(Reuters) - Texas Instruments TXN.N said revenue will come under further pressure this quarter due to a drop in demand for its chips in almost every market because of macroeconomic weakness.
Shares in the maker of chips for products ranging from cellphones to industrial equipment fell 1 percent in late trade as it could not say when growth would resume, reinforcing fears about the European financial crisis and high U.S. unemployment.
Chief Financial Officer Kevin March said the decline in demand appeared to be slowing but that it was too soon to say when orders would hit a bottom and resume growth.
“Orders had a sharp drop in July and fell at a slower rate in August and September ... It suggests to us that demand is beginning to hit a bottom. You’ll typically see some growth after that.” March told Reuters.
March said that while “it’s tough to guess when we’ll achieve a bottom” history would suggest that it could happen sooner rather than later. “Having been through cycles in the past the revenue and order pattern does suggest the decline is coming to an end,” he said.
Also on Monday, European semiconductor maker STMicroelectronics (STM.PA) warned of much weaker demand and forecast an 8 percent drop in revenue in the current quarter.
Charter Equity Research analyst Edward Snyder said he did not take too much comfort from March’s comments.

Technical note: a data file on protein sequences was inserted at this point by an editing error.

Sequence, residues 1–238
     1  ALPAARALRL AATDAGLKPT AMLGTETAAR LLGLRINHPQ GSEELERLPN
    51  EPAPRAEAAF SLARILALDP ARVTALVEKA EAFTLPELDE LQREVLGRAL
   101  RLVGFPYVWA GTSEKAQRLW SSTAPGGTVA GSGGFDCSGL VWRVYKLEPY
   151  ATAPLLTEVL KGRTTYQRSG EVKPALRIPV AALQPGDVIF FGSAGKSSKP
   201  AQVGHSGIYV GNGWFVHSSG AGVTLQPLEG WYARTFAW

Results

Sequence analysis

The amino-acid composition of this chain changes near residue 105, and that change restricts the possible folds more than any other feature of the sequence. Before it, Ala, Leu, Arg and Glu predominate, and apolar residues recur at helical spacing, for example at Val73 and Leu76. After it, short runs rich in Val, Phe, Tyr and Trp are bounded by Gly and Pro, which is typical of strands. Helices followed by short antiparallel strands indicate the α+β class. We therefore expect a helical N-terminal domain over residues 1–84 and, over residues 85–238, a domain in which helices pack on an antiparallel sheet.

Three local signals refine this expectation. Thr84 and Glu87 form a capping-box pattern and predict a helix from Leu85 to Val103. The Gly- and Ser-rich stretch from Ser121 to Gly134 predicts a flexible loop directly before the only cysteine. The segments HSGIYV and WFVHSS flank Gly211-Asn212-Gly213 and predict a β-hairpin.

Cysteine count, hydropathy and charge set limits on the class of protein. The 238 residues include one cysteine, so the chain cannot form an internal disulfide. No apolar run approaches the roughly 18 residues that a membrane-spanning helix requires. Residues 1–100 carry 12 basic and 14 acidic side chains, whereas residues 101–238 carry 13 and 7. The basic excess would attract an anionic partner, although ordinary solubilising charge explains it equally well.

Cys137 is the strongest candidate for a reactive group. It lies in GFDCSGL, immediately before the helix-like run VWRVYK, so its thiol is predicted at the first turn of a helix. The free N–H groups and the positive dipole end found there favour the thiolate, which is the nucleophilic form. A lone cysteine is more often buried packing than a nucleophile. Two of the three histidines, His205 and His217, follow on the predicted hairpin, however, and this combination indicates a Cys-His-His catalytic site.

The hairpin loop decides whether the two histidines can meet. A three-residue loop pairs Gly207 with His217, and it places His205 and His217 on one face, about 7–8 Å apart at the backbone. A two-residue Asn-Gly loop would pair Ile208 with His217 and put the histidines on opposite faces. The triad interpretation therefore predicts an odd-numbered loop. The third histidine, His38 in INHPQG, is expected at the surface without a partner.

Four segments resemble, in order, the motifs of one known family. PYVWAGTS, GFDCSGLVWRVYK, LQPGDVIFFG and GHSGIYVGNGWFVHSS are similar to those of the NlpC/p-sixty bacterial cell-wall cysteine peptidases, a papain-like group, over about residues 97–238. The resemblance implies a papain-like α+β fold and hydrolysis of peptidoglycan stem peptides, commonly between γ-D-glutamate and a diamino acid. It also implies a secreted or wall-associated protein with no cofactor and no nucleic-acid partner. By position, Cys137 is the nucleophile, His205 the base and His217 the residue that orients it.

“Investors should take the comments regarding bottoming with a big grain of salt. Like all semiconductor companies they have very little visibility,” Snyder said.
Including revenue from National Semiconductor, which TI bought for $6.5 billion in September, TI fourth quarter revenue in a range of $3.26 billion to $3.54 billion, implying a midpoint about 2 percent lower than third quarter revenue.
But without National, TI’s fourth-quarter revenue would decline 10 percent, according to March.
He cited weaker than expected demand for its chips in markets such as automobiles, computers and consumer electronics, which are often boosted by the end of year holiday shopping season. One bright spot was sales of chips for smartphones, which continued to be “solid,” but March did not give details.
TI forecast a decline in fourth quarter earnings per share from the third quarter to a range of 28 cents to 36 cents, including 15 cents per share of acquisition related costs.
“The future doesn’t look that great,” said Charter’s Snyder. “These guys are the canary in the coal mine.”
The chip maker said third quarter revenue and earnings were slightly ahead of its targets, but those target was already low. In September TI cut its expectations for the third quarter due to a broad-based slowdown in demand due to economic concerns.
For the third quarter, TI said net income fell to $601 million or 51 cents per share from $859 million or 71 cents per share in the year-ago quarter.
Third quarter revenue fell seven percent to $3.47 billion from $3.74 billion a year ago but was ahead of its forecast range of $3.23 billion to $3.27 billion. TI closed its purchase of chip maker National Semiconductor on September 23, just before the quarter ended.
TI shares fell 1.3 percent to $31.29 in late trade after closing up 4 percent at $31.69.
Reporting by Sinead Carew, additional reporting by Noel Randewich; editing by Phil Berlowitz